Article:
property, evidence was presented from which the jury could have reasonably determined that the property had been vacant for thirty days, namely Lottie's statement to West's investigator that Shorter left on April 1 or April 2 and Debra's testimony that Shorter was gone by April 9. Additionally, the jury heard testimony about the dramatic decline in electricity usage after the electric company account for the Birdsell property was made final on March 27. Also, Sanderson and Freshour testified at trial that the fire was intentionally set, thereby providing a basis upon which the jury could conclude that the damage was caused by vandalism or malicious mischief, regardless of who set the fire. Accordingly, there were facts presented into evidence upon which a reasonable jury could determine that the damage to the Birdsell property fell within the West policy exclusion for vandalism or malicious mischief, and Lottie has not met his burden of showing that a rational jury could not enter a verdict against him. Therefore, the jury reasonably entered a verdict that West did not breach its contract regarding the policy on the Birdsell property. Just as with the Birdsell property, Lottie also argues that the jury's verdict regarding the West policy on the Linden property should be overturned. Because the Linden property had not been vacant for thirty days the vandalism exclusion does not apply. However, even without a specific provision in the insurance policy, under Indiana law, an insurer may deny coverage under a fire policy because of an arson, and "an insurer raising an arson defense must establish the truth of its claim of wilful burning by the insured by a preponderance of the evidence." Dean v. Ins. Co. of N. Am., 453 N.E.2d 1187, 1194 (Ind. Ct. App. 1983) (citation omitted). "Circumstantial evidence is sufficient to establish proof of arson." Hoosier Ins. Co., Inc. v. Mangino, 419 N.E.2d 978, 986 (Ind. Ct. App. 1981) (citation omitted). LaBelle, Freshour, and Sanderson all testified that the fire was intentionally set by gasoline, thereby providing a sufficient basis for the jury to conclude that the fires were the result of willful burning. As to Lottie's involvement, evidence was presented that Lottie had submitted two previous insurance claims for two fires on other rental properties. Also, he faced some financial difficulties. He was over $180,000 in debt with all of his properties and was responsible for the repairs and extermination needed on the two properties that burned, and the properties were both subject to inspection by the Housing Authority for cleanliness and safety before they could be re-leased under the program. In addition, there was evidence that William was Lottie's caretaker, had keys to Lottie's rental properties, and was in the vicinity when both the Birdsell and Linden fires started. All of these facts provide sufficient circumstantial evidence for the jury to find in favor of West on its arson defense, and Lottie does not attempt to rebut this evidence. Therefore, the jury entered a rational verdict on the breach of contract claim on the Linden property policy, and Lottie has failed to present a sufficient basis to disturb it.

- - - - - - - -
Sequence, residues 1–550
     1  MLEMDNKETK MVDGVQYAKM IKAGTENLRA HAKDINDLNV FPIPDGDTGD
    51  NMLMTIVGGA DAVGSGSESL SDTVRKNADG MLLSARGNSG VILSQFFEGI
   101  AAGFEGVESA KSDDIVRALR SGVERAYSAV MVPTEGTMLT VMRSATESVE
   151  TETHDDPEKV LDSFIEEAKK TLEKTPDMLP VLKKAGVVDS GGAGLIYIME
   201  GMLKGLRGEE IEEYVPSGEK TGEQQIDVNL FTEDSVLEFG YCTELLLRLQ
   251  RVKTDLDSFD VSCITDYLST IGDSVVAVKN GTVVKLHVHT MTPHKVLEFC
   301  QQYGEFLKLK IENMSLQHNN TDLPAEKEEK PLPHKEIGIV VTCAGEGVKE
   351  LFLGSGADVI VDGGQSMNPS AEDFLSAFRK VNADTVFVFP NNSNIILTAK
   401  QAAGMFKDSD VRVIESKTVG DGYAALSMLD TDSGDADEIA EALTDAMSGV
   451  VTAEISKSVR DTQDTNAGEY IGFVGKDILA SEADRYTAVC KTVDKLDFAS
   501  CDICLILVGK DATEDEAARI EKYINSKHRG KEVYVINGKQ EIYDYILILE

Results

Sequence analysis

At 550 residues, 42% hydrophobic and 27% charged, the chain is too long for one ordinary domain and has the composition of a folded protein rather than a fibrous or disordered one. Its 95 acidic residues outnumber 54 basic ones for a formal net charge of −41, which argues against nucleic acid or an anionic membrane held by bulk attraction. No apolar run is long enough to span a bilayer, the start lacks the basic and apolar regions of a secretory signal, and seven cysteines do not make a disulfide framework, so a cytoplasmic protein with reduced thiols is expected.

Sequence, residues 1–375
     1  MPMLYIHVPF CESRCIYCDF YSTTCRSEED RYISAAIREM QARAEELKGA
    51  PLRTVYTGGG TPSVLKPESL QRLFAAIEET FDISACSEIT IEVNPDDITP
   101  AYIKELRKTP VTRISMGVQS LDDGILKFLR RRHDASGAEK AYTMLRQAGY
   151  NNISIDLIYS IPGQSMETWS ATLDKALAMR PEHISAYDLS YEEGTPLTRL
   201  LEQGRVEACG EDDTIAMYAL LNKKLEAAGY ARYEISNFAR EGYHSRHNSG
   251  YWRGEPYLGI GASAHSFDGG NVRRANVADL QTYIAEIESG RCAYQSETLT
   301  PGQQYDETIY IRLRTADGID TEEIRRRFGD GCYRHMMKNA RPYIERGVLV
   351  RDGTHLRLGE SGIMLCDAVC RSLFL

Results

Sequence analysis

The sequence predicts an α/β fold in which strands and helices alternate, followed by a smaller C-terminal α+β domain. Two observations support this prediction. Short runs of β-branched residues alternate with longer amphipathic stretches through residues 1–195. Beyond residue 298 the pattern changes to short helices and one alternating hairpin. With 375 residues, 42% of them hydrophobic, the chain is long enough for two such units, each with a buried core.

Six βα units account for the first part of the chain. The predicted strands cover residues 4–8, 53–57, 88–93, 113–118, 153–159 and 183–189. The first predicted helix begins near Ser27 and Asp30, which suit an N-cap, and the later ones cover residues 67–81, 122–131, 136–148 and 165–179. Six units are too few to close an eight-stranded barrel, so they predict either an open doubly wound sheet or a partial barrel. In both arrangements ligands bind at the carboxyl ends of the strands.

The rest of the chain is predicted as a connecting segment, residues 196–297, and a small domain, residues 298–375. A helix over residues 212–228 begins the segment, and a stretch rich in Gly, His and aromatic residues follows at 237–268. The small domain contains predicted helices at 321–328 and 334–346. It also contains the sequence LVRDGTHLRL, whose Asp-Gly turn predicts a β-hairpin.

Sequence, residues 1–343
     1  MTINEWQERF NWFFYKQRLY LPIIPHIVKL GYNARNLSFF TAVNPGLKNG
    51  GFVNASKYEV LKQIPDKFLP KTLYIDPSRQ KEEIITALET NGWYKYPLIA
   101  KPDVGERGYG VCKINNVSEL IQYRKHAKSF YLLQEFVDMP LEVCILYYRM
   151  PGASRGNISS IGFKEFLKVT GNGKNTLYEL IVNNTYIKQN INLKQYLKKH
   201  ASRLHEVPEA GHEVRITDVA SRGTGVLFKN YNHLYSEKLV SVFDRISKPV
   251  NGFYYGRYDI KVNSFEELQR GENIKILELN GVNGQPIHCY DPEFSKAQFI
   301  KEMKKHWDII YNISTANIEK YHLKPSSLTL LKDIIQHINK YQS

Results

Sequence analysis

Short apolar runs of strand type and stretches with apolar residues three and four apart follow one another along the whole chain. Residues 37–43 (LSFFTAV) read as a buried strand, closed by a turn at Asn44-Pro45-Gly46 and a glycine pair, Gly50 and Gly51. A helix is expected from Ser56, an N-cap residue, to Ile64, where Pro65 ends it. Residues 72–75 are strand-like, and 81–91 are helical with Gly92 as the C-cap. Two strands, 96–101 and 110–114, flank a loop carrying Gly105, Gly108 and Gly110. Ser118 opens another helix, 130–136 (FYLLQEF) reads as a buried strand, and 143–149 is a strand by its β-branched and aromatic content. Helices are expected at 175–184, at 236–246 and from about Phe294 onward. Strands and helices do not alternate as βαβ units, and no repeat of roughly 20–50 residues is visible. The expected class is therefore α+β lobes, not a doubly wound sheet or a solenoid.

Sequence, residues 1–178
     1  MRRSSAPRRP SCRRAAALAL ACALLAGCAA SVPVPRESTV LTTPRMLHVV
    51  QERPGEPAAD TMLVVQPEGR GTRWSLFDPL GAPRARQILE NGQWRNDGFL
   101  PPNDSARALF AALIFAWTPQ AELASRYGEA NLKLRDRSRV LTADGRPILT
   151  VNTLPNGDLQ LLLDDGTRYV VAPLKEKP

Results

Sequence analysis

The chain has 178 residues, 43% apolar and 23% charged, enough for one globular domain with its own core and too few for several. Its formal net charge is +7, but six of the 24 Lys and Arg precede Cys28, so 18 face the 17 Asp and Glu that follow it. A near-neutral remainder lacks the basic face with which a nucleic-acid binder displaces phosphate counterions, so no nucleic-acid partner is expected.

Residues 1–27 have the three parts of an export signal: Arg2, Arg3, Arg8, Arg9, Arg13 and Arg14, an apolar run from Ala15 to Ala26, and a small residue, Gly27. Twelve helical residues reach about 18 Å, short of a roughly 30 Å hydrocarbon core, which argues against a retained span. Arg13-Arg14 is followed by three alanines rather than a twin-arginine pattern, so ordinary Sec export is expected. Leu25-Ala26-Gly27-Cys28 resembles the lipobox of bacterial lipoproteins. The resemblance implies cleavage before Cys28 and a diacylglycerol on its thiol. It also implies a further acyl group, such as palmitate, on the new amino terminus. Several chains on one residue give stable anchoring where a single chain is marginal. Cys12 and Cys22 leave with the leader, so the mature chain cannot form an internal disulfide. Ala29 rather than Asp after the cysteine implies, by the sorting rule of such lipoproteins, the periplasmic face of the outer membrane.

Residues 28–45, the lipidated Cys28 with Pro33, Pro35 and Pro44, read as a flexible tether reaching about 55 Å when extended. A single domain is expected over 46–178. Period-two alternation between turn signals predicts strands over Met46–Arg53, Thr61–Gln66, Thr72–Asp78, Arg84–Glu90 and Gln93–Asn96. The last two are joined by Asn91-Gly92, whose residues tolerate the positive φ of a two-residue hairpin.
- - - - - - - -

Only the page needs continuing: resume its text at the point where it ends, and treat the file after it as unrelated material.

Lottie also challenges the district court's denial of his request for an ambiguity instruction, and the district court's overruling his objection to the inclusion of the civil arson defense instruction. We review jury instructions for an abuse of discretion and "with deference, analyzing them as a whole to determine if they accurately state the law and do not confuse the jury." Aliotta v. Nat'l R.R. Passenger Corp., 315 F.3d 756, 759 (7th Cir. 2003) (citation omitted). If the instructions misstate the law, then the reviewing court must determine whether the mistake confused or misled the jury thereby prejudicing the litigant. Id. As to the ambiguity instruction, Lottie proposed the following instruction: You are instructed that when intepreting [sic] an exclusionary clause of an insurance policy, the clause must clearly and unmistakably bring within its scope the particular act or omission that will exclude coverage. Any doubts as to the scope of the exclusion must be construed against the defendant insurance companies and any ambiguities are to be resolved against the insurers in favor of the plaintiff. The court rejected the proposed instructions, instead offering to submit an instruction that any doubts about the policy language should be construed against the insurer. Lottie declined this proposal, and neither was included. Indiana law provides that an insurance policy's "exclusionary clause must clearly and unmistakably bring within its scope the particular act or omission that will bring the exclusion into play." Erie Ins. Co. v. Adams, 674 N.E.2d 1039, 1041 (Ind. Ct. App. 1997) (citation omitted). The exclusionary clause at issue in this case is the exclusion of coverage for vandalism or malicious mischief after a thirty-day vacancy. The act alleged here is the intentional starting of a fire after a thirty-day vacancy. Because the policy's language "clearly and unmistakably bring[s] within its scope the particular act" alleged in this case, the district court's proposal did not misstate the law, and while the district court denied Lottie's proposal which was an accurate statement of the law, there was no harm because intentionally starting a fire clearly fell into the exclusion. Moreover, we note that Lottie has not claimed he was prejudiced by the district court's rejection of his proposed instruction. Therefore, we conclude that the district court did not abuse its discretion in by rejecting Lottie's proposed instruction. Lottie also objected to the arson instruction. Specifically, Lottie challenges the district court's decision to instruct the jury: